Television

MSOs promise all channels in Rs 222

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NEW DELHI / MUMBAI: On Wednesday it was the big broadcasters (excluding Zee Telefilms) that threw their "pricing spanner" in the works of the conditional access roadshow.

 

 

Today saw the cable trade delivering their riposte. The MSOs have announced their own pricing structure that will be applicable for subscribers who opt for pay channels post-14 July, which is the deadline for the rollout of CAS in the four metros.



In an attempt to give the broadcasters a fait accompli scenario, the pricing model that they have thrown up promises the pay TV subscriber all channels for a total cost of Rs 222, excluding 8 per cent service tax and entertainment tax (Rs 30 per cable point in Mumbai and Rs 20 in Delhi). 



According to the cable ops, the cost break-up is Rs 72 for the free-to-air (FTA) channels, Rs 75 for pay TV distribution costs (the cost that it takes to re-distribute pay channels, including subscriber management systems) and Rs 75 as the total tab that will come for all the pay channels.



Announcing the rates, Vikki Choudhry, president of National Cable & Telecom 

Association (NCTA) and an independent cable operator of Delhi said, "In the 

absence of any indication from the broadcasters, we have calculated that the 

broadcasters' share ought to be Rs 75 per subscriber. Now, it is up to them to price their pay channels accordingly."



Going by this pricing model, all broadcasters would have to share amongst 

themselves Rs 75 per subscriber per month. And if Choudhry is to be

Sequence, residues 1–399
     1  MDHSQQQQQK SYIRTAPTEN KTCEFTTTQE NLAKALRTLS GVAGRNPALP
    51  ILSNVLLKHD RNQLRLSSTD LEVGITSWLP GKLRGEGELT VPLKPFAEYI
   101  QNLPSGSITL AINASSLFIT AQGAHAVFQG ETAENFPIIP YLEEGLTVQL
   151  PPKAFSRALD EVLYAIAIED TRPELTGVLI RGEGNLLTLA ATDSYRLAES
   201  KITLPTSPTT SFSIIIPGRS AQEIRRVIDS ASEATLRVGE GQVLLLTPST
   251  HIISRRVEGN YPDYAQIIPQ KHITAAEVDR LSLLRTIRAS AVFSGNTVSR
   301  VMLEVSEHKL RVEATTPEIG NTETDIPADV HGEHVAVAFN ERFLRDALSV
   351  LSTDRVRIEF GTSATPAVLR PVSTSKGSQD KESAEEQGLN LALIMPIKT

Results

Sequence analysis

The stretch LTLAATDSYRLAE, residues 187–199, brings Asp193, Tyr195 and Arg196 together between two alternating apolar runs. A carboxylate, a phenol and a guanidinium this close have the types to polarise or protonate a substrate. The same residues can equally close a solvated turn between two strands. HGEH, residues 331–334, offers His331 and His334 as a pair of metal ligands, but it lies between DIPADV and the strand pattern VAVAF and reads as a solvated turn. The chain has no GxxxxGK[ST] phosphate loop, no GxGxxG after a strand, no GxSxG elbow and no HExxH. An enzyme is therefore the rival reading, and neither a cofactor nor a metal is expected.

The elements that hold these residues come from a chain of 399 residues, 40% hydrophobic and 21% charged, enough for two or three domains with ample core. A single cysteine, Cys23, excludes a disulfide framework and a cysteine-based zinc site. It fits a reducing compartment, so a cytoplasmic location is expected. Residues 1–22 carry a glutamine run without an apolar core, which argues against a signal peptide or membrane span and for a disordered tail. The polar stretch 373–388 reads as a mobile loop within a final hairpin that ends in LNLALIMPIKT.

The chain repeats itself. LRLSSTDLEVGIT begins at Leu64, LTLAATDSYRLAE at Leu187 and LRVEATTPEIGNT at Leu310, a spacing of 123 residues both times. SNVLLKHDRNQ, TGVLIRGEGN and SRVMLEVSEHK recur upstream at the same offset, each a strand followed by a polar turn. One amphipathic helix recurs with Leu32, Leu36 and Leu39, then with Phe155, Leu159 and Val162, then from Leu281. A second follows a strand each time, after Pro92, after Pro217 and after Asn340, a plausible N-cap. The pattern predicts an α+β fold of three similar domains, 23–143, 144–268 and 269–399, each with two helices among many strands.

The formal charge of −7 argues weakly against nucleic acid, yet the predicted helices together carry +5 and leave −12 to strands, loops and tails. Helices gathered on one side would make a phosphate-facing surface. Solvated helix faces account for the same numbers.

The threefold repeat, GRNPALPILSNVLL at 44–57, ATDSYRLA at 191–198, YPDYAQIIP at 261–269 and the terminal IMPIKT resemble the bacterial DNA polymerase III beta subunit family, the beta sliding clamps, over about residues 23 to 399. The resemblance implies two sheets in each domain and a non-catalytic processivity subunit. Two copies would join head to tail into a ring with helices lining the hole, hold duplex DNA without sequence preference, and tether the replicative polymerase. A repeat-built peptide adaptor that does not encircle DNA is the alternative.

believed, then there are 32 pay channels at the moment, which means that Rs 

75 between 32 pay channels would mean that a pay channel would have to cost 

an average of Rs 2.34.



When Choudhry was asked to comment on the outcome if the broadcasters rejected the suggested pricing, which will also have to be intimated to the government, he said: "Well, according to the notification, if pay channels don't fall in line or announce their prices, they'll get blanked out automatically."



There is an obvious glitch in this pretty picture painted by the MSOs, of 

course. If the government and the MSOs rejected the price plan circulated by 

Star/ Sony/ ESPN Star Sports on Wednesday as being unsigned and not serious 

in intent, the Rs 75 figure for all pay channels that the cable ops have 

arrived at is even more meaningless without broadcaster support.



Be that as it may, Zee Telefilms additional vice-chairman and head of SitiCable Jawahar Goel went even lower on the pay channel pricing front. Goel says: "In support of the Central government's initiative (towards CAS), SitiCable has instituted an introductory offer that will deliver all pay channels to CA enabled subscribers at Rs 128." This offer will be valid until the assembly elections due in November, Goel said.



Those who attended today's press conference to show solidarity included 

representatives from INCableNet, Spectranet, SitiCable (represented by Zee Telefilms additional vice-chairman Jawahar Goel), Roop Sharma of Cable Operators' Federation of India, Rakesh Dutta of Cable Networks Association and Dr AK Rastogi of the Avishkar Dish Antenna Sangh.